Only 11 per cent of councils are able to enforce a new law ensuring equal treatment for disabled taxi users.
A change in the Equality Act enacted in April this year means that taxi drivers face a fine of up to £1,000 if they refuse to transport wheelchair users or attempt to charge them extra.
However, the law only applies to drivers registered on council lists of wheelchair accessible taxis, known as Section 167 lists. The Department for Transport has recommended that councils have them complete by this October, but less than half plan on doing so.
Disability activist Doug Paulley conducted Freedom of Information research with all councils in England, Scotland and Wales. Of those, only 11 per cent of councils have created a list, with a further 30 per cent intending to do so this year. That means 59 per cent have no firm plans to hit the deadline, including 26 per cent who have no plans to create a list at all.
Paulley and charity Muscular Dystrophy UK, which campaigns for disability rights, are calling on the government to make councils take their responsibilities seriously, and for all councils to set a deadline for creating a list.
The research found that many councils were not aware of the role of the Section 167 lists and many were completely unaware of their responsibilities, even those with otherwise good track records on disability provision.
TfL said that as all licensed vehicles must be wheelchair accessible, they had no need for a list. However, without the list, drivers cannot be held accountable if they discriminate against disabled passengers.
Nic Bungay, Director of Campaigns, Care and Information at Muscular Dystrophy UK, which lobbied for years for the law change, said:
“Taxis are not a luxury for disabled people – they often represent the only way to get from A to B when public transport isn’t accessible. Doug’s research comprehensively demonstrates how many councils are failing to ensure that disabled passengers are penalised. We need them all to implement lists now as per the government’s recommendations, and for the DfT to promote the lists as a matter of urgency.”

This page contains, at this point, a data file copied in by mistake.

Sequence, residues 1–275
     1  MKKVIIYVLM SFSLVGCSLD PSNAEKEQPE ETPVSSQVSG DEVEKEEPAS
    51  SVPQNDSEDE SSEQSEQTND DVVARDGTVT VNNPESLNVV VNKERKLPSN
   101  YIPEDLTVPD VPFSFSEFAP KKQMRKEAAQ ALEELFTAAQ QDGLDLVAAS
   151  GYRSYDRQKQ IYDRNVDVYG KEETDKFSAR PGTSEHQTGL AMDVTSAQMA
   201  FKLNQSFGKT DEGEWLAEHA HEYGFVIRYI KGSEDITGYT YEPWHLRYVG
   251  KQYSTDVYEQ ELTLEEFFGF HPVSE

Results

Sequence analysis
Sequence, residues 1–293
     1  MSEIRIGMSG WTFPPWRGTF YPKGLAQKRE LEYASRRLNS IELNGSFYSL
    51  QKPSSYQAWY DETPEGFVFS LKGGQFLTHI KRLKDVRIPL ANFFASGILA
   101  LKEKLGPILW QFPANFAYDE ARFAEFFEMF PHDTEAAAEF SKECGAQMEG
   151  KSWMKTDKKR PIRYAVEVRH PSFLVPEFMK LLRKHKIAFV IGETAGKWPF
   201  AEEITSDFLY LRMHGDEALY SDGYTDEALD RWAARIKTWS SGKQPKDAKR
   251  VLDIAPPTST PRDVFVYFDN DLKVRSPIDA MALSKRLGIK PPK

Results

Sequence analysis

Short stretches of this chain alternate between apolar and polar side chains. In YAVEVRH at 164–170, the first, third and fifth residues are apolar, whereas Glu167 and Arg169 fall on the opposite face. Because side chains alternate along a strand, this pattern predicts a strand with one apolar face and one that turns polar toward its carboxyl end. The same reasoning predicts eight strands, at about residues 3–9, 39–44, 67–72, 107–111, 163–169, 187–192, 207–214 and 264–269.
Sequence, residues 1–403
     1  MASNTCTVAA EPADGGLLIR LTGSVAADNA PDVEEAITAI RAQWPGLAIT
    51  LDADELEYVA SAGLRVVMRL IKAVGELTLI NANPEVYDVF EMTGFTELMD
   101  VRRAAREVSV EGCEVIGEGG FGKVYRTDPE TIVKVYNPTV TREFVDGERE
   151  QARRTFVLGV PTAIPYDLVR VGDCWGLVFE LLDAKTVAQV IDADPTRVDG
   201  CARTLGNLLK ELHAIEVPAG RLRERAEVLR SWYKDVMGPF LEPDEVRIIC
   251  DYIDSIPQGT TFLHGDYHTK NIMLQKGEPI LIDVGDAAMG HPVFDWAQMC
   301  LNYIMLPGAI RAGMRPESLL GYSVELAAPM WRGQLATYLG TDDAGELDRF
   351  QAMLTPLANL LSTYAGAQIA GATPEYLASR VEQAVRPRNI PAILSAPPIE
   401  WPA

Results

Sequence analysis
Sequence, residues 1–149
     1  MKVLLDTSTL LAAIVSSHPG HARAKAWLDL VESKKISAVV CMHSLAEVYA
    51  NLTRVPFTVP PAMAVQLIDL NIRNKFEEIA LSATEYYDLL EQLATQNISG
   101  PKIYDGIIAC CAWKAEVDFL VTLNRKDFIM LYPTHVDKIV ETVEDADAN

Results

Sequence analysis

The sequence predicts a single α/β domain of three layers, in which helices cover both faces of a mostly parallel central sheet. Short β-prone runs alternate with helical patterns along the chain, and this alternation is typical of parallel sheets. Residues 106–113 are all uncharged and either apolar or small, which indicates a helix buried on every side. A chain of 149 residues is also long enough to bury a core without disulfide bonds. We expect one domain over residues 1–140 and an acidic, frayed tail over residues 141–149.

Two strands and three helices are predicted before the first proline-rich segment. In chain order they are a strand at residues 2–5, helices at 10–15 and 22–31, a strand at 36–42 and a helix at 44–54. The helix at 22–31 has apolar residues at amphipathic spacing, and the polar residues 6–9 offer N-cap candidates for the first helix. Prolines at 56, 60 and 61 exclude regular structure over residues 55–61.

Doug Paulley carried out the research following a Select Committee report into the Equality Act 2010 on disability. He says: “It is disappointing that the Government’s intent in bringing in this legislation is being undermined by the failure of many councils to undertake the required office work, meaning that taxi drivers can continue to discriminate against wheelchair users with impunity. While conducting this research, it became clear that many councils simply didn’t think to create them until prompted. I recommend disabled people and their allies raise the issue with their local council.”
• Two fifths of councils have under ten per cent of their vehicles registered as wheelchair accessible, with 15 having no WAVs registered at all
• Only 30 per cent of councils require taxi drivers to take part in disability awareness training.
Research by Muscular Dystrophy UK in 2016 has shown that a quarter of disabled people have been refused service by a taxi driver, because they are disabled.